The picture? The window of a tanning salon in France, 2004. The subject of the day? Medical care, medical insurance, reform, cures, old age.
There has been massive talk of 'health care reform' for months. It has mostly been about insurance and not so much about care. Except that to pretend pay for insuring more people they are planning to slash reimbursements for things like Medicare home health. Which will allegedly make the deliverers of this care more efficient. Only it may drive them out of business, drive the elderly into homes and put the people employed by these services out of work. But maybe they'll have insurance. Each little bit of legislation has its consequences. It's a messy machine of moving parts.
I'm unsure what Nebraska has been given to insure one Senator's vote, but I'm pretty sure health care is different in every state but shouldn't be legislated that way.
After almost two months of Dad's latest health crisis I have some opinions about the delivery of health care and Medicare. I think the doctors have done a pretty good job saving Dad's life. The quality of his life is compromised by side effects and old age. But he has come back miraculously to the point of doing a pretty good job of chores, cooking breakfast, reheating other meals. He even worked some laundry although he wanted me to fold. Everyone, though, comes to their job in his recovery from a different angle. Some nurses see a shift at the hospital as a series of chores...start an IV, find another nurse to verify starting a blood unit, etc. Some nurses see a patient and try to anticipate what things they can do to move the patient toward a better outcome. Some doctors edged away from a patient threatening to die despite their best efforts. Others stood up with the patient and hard choices. Everyone involved asked what drugs he took a thousand times. Some nurses would condescend one minute (acting like you knew nothing about the patient or health) and expect the family to perform nursing duties perfectly the next. Home health from Medicare was helpful to a point. The occupational therapy evaluation was unnecessary but by the book. The bathing assistance was very helpful. The home health nurse covered the same ground over and over (by the book). Honestly, my dad is now capable of living alone with intermittent assistance. If the paper boy would put the paper on the porch and someone brought food and supplies occasionally and did a few chores that hurt his back, he would survive between times to be driven to appointments. For now.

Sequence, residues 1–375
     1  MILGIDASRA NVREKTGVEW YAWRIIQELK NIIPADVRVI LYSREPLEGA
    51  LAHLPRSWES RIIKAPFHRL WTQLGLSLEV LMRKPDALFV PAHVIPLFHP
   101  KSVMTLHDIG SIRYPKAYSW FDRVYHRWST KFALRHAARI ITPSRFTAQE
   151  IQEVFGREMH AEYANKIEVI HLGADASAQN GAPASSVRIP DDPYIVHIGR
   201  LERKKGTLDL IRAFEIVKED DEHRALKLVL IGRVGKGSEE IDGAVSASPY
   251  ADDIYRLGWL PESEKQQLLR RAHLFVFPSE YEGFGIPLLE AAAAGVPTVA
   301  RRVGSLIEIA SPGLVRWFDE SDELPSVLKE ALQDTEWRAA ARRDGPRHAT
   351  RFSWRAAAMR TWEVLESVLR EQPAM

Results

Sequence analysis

What will the 'reform' wending its way through Congress bring for us? Will some of Dad's providers quit seeing Medicare patients? Will home health disappear sending him into a facility should there be another crisis? Will my high deductible insurance that we currently just use to wangle lower prices from providers disappear? Or cost lots more?
I don't know any of these answers. But I do know three things. There is no cure for old age and death will come for all of us. And, for now, my dad is perfectly capable of soldiering on...with a little extra help, not a lot. And this health care reform might get more people insurance but the care they receive? It won't be reformed by this legislation except due to unintended consequences.